This success, however, would be threatened if state and local tax collectors are allowed to target the Internet for taxation. Many opponents of the Internet tax ban argue that it violates principles of federalism; Washington, they say, should not second guess state tax policy decisions. But in this case, there is a legitimate role for federal rules. The Internet, by its nature, is an interstate--in fact, global--network. Bad policies in one state are borne not just by that state's citizens, but by citizens of all states, as well. This "political externality" can be direct--such as taxes imposed on firms based predominantly out-of-state--or indirect--such as slowing the growth of the Internet and decreasing its benefits for the whole country. In such cases, federal intervention is justified.
It is difficult, of course, to predict what kind or what levels of taxes would be imposed if the federal ban expires. The revenues currently collected by several states' "grandfathered" Internet taxes are relatively small, comprising about 0.1 of the combined tax revenue for the states involved. But how high would the taxes be if there were no federal limits? Based on taxes on other communication services, it could be quite high. Wireless phone subscribers, for example, pay almost 12 percent of their monthly bill in taxes, and wire-line phone customers pay close to 17 percent.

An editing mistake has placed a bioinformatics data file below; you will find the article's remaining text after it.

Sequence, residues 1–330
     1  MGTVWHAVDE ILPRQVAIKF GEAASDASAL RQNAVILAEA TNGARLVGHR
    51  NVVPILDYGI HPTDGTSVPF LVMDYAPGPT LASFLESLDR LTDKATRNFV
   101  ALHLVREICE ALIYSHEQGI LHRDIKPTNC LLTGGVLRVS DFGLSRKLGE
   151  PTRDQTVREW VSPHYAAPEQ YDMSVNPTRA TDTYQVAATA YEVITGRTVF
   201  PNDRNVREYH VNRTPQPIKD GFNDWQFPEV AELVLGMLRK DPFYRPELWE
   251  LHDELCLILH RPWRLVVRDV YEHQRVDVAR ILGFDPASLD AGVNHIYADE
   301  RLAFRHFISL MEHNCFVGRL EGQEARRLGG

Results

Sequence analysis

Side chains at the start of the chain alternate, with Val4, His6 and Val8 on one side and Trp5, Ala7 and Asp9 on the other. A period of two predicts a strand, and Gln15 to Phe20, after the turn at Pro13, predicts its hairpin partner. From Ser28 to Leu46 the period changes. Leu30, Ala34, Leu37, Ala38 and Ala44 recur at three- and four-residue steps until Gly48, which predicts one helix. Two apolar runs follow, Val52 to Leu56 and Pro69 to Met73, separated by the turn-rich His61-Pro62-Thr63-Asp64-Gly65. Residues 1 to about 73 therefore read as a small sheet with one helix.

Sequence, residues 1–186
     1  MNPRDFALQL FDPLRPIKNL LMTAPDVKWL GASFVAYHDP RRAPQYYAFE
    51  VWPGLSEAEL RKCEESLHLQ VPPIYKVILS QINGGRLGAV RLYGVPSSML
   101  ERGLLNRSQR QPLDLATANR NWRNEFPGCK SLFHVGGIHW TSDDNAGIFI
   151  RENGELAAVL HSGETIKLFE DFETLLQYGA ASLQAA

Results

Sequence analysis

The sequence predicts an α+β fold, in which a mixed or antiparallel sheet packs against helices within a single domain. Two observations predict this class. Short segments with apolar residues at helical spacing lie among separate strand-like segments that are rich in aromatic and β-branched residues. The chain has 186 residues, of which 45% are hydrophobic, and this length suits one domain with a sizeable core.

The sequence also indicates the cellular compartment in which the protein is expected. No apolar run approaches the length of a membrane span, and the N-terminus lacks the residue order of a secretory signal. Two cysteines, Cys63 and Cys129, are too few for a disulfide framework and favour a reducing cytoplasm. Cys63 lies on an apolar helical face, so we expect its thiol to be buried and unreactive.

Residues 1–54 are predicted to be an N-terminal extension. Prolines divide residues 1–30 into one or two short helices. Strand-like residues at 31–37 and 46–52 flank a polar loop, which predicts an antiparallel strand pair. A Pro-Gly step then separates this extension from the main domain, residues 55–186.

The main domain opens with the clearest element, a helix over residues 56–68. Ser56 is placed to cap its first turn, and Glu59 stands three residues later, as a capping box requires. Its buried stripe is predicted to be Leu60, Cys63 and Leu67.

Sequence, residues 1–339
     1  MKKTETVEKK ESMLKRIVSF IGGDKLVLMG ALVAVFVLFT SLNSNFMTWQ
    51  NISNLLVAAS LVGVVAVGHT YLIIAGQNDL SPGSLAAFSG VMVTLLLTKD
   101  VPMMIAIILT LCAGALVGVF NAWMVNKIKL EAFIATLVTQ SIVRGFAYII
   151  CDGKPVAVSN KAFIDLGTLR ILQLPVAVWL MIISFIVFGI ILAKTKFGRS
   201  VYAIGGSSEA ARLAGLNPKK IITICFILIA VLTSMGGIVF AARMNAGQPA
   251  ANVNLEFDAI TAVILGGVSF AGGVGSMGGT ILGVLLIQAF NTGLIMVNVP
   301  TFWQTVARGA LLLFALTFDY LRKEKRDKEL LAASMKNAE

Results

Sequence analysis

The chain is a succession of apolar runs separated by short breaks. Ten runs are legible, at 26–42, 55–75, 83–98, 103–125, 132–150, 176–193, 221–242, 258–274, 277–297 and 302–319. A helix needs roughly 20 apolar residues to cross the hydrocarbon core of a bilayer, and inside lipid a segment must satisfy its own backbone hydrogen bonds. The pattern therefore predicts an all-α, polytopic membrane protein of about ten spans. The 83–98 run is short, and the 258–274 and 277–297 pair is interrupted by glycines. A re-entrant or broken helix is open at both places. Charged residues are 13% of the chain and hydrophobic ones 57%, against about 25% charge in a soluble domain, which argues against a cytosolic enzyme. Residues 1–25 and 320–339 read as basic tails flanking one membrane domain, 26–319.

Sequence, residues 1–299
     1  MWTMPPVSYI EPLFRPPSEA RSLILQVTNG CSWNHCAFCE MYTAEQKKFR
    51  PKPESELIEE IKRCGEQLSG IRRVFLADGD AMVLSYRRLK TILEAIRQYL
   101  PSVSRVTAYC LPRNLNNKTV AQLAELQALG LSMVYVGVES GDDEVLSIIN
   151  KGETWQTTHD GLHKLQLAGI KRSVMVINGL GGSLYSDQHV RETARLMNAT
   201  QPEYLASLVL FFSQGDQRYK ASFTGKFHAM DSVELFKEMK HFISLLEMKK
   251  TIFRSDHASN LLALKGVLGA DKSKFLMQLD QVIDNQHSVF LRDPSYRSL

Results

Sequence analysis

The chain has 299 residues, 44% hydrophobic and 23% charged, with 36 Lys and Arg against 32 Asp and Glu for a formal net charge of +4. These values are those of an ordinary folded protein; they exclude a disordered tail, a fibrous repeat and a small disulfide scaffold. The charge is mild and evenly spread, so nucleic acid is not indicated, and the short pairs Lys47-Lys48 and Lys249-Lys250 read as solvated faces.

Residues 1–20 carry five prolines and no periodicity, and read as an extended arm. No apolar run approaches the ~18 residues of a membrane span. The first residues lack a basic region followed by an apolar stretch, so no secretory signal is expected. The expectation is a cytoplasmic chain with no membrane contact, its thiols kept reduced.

It is also difficult to predict what effect taxation of this sort would have; much depends on the details of the tax plans adopted. One particular concern, however, is the effect taxation could have on subscribership to broadband services. While the number of Americans subscribing to such services has been growing rapidly, taxes on access could slow that growth--especially among low-income consumers. With governments at all levels spending millions to subsidize broadband access, and more subsidies being proposed regularly, such a result would be perverse.
This does not mean that the Internet should receive preferential tax treatment. Good tax policy should not favor any particular industry or economic activity, no matter how important it may be. But equally, policymakers should not target any sector with disproportionately heavy taxes. In other words, the Internet need not be taxed less than other parts of the economy, but it should not be taxed more, either.
The Need for Permanence
Congress should make the moratorium permanent, rather than simply extending it once again. Requiring yet another renewal debate in 2011, as provided in the House bill, would only lead to uncertainty for Internet firms, consumers, and investors, limiting the ability for access providers and customers to make long-term plans and investments. There is little to be gained by requiring Congress to review the ban again. In effect for nearly ten years, the ban is hardly untested. Of course, Congress would, as always, retain the power to change the terms of the moratorium, if necessary.